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Lunch lecture by Tom Pepinsky: “Migrants, Minorities, and Populism in Asia”
February 21, 2020 - 12:00-13:30
Populists in East and Southeast Asia generally refrain from invoking anti-migrant and anti-minority sentiments as part of their mobilizational strategies. This differentiates them from “exclusionary” populists in Europe, even though many Southeast Asian countries are diverse societies with long histories of migration and ethnic chauvinism. Because the categories of peoplehood that were set alongside the onset of mass politics at independence remain salient today, they constrain contemporary Asian populists’ rhetorical and mobilizational strategies—even in Southeast Asia’s diverse societies. The Asian experience reveals the importance of historical sequence in nationalist mobilization and mass incorporation in shaping popular identity, citizenship, and membership in contemporary populism.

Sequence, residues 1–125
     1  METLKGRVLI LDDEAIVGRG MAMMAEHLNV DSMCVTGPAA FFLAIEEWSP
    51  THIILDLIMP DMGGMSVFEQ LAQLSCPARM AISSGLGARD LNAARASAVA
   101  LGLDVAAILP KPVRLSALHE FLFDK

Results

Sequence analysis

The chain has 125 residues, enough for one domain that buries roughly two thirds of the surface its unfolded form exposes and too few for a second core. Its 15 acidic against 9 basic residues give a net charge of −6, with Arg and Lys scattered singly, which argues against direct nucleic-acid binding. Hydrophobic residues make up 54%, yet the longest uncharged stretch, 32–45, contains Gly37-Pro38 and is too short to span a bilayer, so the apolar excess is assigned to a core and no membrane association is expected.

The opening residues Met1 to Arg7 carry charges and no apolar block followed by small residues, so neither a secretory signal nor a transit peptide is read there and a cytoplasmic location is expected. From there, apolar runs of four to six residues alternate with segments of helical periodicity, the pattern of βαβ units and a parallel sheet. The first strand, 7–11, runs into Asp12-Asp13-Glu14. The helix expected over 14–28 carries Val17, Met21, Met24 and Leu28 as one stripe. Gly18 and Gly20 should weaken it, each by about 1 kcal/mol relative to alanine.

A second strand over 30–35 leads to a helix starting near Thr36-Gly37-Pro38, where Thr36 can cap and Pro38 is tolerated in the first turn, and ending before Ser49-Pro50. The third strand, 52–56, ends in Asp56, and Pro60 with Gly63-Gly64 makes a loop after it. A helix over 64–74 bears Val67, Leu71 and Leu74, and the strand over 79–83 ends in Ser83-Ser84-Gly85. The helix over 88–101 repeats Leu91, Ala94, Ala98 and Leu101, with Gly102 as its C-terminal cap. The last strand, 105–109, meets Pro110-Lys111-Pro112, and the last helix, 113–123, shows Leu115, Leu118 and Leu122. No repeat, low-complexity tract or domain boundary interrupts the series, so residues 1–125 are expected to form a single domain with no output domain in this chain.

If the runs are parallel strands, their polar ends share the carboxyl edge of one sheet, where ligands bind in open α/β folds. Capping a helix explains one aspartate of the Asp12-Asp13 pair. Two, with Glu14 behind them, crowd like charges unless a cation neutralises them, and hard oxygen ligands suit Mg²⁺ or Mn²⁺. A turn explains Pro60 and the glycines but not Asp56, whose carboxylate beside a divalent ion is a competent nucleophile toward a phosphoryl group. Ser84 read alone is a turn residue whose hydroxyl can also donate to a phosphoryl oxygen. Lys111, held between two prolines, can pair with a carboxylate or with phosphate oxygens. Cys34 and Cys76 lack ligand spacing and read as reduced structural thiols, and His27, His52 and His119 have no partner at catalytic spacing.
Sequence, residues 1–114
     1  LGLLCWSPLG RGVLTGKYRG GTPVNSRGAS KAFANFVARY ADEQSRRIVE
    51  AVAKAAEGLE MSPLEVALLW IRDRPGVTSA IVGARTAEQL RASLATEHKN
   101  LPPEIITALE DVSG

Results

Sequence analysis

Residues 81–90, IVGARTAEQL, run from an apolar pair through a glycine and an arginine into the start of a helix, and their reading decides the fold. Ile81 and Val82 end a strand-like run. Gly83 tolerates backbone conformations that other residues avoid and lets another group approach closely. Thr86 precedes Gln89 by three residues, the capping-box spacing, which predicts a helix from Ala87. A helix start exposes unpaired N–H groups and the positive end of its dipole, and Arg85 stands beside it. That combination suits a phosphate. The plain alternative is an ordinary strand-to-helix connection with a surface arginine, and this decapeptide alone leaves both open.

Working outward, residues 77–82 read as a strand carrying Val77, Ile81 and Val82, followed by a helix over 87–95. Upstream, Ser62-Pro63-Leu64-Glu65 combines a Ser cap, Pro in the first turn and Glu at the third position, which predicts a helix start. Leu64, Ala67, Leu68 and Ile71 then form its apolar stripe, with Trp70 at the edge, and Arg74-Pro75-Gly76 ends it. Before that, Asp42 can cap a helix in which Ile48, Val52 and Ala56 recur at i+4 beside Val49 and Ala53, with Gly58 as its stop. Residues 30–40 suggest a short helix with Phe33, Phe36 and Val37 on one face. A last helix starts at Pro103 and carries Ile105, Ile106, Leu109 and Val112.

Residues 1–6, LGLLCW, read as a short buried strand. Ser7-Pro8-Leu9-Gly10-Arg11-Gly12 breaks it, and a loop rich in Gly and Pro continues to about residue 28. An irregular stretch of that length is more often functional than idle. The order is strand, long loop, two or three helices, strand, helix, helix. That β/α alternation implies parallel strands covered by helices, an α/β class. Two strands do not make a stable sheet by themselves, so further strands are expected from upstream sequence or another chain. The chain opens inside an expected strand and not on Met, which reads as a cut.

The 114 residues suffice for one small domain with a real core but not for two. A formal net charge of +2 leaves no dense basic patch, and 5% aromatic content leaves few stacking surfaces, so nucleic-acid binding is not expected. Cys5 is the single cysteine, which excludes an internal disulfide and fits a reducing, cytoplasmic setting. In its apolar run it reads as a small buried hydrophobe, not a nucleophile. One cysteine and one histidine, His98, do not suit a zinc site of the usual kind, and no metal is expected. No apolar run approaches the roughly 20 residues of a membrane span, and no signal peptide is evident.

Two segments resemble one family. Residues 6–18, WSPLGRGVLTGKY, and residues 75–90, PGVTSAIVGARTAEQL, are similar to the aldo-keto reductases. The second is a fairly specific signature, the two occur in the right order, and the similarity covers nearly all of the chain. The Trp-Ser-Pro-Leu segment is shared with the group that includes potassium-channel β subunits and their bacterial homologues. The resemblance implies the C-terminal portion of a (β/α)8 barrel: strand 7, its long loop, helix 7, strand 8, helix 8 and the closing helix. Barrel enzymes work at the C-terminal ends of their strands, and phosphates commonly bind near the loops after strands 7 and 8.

Thomas Pepinsky is Professor of Government and Director of the Southeast Asia Program at Cornell University, and Nonresident Senior Fellow at the Brookings Institution. He specializes in Southeast Asian politics, and his current research focuses on the political economy of identity, in Southeast Asia and beyond.